Motoring and Property Editor
3:00 AM 30th April 2022
A Voyage Of Discovery – A Week With Land Rover’s Finest
The Land Rover Discovery has been a familiar sight on our roads since 1989 and their undoubted appeal has been undimmed despite a distinct move upmarket in recent years.
I find it heard to believe that the current generation was revealed in 2016 and was shown to the public at the Paris Motor Show. I was there on the first press day and recall the crowds of journalists, eager to get a look.
The Discovery 4’s boxy shape was eschewed for a softer, more rounded look with clear design influences from the Range Rover Sport.
Despite a more ‘lifestyle’ look, once I managed to get my first drive it was readily apparent the Discovery was as capable as ever, with seating for seven full-sized adults and go-anywhere capability. We were allowed push the 4x4 to its limits off road and it impressed. The ‘Terrain Response’ system ensured that even the most unlikely looking muddy ascents could be tackled with ease.
The intervening years have seen the Discovery updated, with new mild hybrid engines and an updated infotainment system the most significant changes. Excuse, as if one were needed, for me to get behind the wheel once again.
My test car for the week was a high-spec HSE R-Dynamic model, listing at £67,290 before options. I suspect the price will do little to deter would-be buyers who doubtless take advantage of Land Rover’s many finance options.
Under the bonnet sat a 300hp 3.0-litre diesel engine and with plenty of miles to cover during the test period, I was in for a treat. Though diesel’s popularity is undoubtedly waning with each passing year, large 4x4s are best suited to the black stuff. It’s not just the power, in this case enough to propel the Discovery from 0-60mph in just 6.5 seconds, it’s the 650Nm of torque available from just 1,500rpm.
Mated with a typically smooth-shifting automatic gearbox, the merest twitch of your right foot is enough for a brisk overtake and the car’s real-world pace will undoubtedly surprise.
R-Dynamic spec is aimed towards to more overtly sporting and the big Discovery can be hustled along a country lane at quite a pace. Body roll is kept reasonably well in check and the commanding driving position makes it easy to place with a good deal of accuracy.
Less appealing is the R-Dynamic’s low speed ride, which is somewhat on the lumpy side. Blame must lie in part for the standard fit 22-inch alloy wheels. Once above urban speeds, the ride improves and is suitably cosseting.
High speed motorway cruising is a Discovery forte, with wind and road noise noticeable by their absence. A late evening four-hour drive home was accomplished with ease and at journey’s end I could quite happily have continued for many more hours, even though I had experienced the busiest of working days.
At the end of a week which saw over 500 miles covered, the trip computer read a creditable 30.5mpg, close the Land Rover’s official combined economy figures. It was always driven with gusto, so expect to improve on my figures with a little restraint!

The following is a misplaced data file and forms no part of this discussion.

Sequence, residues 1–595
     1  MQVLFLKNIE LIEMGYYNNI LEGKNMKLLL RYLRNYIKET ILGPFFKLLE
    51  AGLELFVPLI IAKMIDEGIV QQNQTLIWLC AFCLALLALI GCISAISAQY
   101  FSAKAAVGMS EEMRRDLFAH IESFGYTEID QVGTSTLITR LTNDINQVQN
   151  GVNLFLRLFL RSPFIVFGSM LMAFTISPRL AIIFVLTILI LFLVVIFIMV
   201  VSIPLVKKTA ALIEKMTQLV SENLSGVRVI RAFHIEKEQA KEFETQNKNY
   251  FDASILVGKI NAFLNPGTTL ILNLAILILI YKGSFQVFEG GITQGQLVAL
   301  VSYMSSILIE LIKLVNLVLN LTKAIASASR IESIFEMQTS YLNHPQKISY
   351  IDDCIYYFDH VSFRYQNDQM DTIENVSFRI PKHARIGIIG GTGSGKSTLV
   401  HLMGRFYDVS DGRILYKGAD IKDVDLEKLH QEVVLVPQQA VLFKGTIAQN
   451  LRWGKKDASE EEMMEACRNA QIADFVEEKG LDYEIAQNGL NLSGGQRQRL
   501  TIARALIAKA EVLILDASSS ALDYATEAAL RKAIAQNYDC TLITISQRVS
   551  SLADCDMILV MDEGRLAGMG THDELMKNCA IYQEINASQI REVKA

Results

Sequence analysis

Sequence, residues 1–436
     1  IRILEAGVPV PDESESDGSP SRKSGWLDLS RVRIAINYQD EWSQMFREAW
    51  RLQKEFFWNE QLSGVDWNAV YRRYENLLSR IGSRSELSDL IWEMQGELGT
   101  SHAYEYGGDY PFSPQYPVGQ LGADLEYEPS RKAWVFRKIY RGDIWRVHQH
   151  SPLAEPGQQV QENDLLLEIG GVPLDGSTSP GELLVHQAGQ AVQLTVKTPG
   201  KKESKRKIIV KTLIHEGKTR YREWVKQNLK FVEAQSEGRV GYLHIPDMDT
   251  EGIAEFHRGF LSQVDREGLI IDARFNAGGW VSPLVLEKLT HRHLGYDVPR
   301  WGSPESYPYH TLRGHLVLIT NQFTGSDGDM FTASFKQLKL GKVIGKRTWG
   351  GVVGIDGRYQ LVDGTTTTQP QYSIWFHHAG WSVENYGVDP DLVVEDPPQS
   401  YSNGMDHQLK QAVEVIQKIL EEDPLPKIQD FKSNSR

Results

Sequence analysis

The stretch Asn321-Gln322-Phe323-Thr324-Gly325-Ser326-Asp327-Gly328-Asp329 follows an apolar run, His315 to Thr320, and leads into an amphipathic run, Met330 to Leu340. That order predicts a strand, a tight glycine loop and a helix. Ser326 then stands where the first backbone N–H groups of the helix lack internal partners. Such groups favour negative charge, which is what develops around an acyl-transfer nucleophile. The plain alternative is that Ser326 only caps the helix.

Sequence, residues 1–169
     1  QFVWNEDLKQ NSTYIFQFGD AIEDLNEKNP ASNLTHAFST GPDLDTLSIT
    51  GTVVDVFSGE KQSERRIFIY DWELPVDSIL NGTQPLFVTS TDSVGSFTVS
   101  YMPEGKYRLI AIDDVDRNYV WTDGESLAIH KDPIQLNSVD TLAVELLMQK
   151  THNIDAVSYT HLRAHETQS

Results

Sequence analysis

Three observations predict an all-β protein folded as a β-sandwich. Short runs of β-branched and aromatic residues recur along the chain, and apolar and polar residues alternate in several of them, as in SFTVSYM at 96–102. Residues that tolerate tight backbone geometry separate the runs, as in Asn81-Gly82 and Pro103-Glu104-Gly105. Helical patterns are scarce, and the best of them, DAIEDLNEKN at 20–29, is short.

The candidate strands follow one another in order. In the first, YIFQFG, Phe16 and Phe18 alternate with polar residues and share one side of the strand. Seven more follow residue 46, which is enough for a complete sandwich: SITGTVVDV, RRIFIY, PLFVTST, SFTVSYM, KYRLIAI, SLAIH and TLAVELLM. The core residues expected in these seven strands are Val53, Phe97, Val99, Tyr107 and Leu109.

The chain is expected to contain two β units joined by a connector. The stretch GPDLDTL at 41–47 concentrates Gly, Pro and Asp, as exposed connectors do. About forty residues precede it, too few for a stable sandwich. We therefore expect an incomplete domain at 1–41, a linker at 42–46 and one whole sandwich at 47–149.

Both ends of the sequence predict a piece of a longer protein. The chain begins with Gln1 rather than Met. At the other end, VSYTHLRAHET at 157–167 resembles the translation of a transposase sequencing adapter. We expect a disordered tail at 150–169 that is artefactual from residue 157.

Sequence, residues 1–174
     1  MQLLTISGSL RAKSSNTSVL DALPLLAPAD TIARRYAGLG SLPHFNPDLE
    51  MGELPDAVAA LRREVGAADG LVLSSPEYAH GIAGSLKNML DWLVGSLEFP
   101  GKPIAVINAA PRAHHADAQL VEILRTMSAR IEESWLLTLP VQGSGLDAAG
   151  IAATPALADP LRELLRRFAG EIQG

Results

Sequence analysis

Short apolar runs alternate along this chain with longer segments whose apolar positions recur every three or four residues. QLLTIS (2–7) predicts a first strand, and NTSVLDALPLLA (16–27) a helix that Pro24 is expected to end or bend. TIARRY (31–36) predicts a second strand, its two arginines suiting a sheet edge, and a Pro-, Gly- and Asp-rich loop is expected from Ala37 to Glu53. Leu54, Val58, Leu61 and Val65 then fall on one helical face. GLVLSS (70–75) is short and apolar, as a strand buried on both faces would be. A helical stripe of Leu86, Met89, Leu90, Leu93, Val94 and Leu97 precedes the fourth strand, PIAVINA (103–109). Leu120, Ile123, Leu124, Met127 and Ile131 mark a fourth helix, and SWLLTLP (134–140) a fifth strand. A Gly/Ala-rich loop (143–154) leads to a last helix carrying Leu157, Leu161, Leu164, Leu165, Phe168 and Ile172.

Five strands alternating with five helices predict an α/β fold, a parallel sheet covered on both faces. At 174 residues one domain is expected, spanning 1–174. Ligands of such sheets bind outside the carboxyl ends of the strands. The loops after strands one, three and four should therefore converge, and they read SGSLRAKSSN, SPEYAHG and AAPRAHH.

The Discovery’s interior is as comfortable and accommodating as ever. Seven supportive seats come as standard and access to the rearmost is better than ever. Normal size adults will fit with ease. Particular praise must go the 20-way heated and cooled electric driver’s seat which remained oh so yielding, yet supportive, even after many, many hours behind the wheel.
Equipment count is suitably comprehensive, though there is still scope to personalise the car to suit. The test car had some options aimed at improving its already impressive off-road credentials. The active rear locking differential (£1,080) will suit the owner who strays far off the beaten track. Doubtless they may find the advanced off road capability pack £685 useful too, as it allows the already excellent Terrain Response system to be even more configurable to suit.
I did take the Discovery off-road briefly on a local track. Dry conditions meant that traction was good, but other than raising the ride height to cope with some of the gnarlier sections, I had no need to trouble the off-road systems. Capable as all Land Rover products undoubtedly are off road.
Praise must also go the latest Pivi Pro infotainment system, a huge leap in usability over its predecessor. Once familiar with its modus operandi, all functions are readily accessible and simple to use.
The Land Rover Discovery is a hard car to fault. We have all got used to the softer, more rounded look, and other than the offset rear number plate, I like it a lot.
Larger families will continue to enjoy the spacious, practical and luxurious interior, whilst the hunting, shooting and fishing set will marvel at the car’s ability to take them even further off the beaten track in safety and comfort.
So, the burning question is would I choose the Discovery over the new Defender? There is no getting away from the fact that Defender is the car of the moment and has been such a success for Land Rover that delivery times stretch way off into the distance. Has the Discovery thus been overshadowed?
In part the answer is yes, but the Discovery is a more luxurious car, is just as capable when the going gets tough and can seat seven adults in a good degree of comfort. Try them both for size would be my advice and your friendly local Land Rover Dealer will surely be pleased to help.
Land Rover Discovery HSE R-Dynamic D300
Price - £67,290
As tested- £73,055
300hp 3.0-litre diesel engine (MHEV)
Maximum torque 650Nm
0-60mph in 6.5 seconds
Top speed 130mph
Combined economy 33.9 to 31.9mpg
Emissions – 218 to 232g/km CO2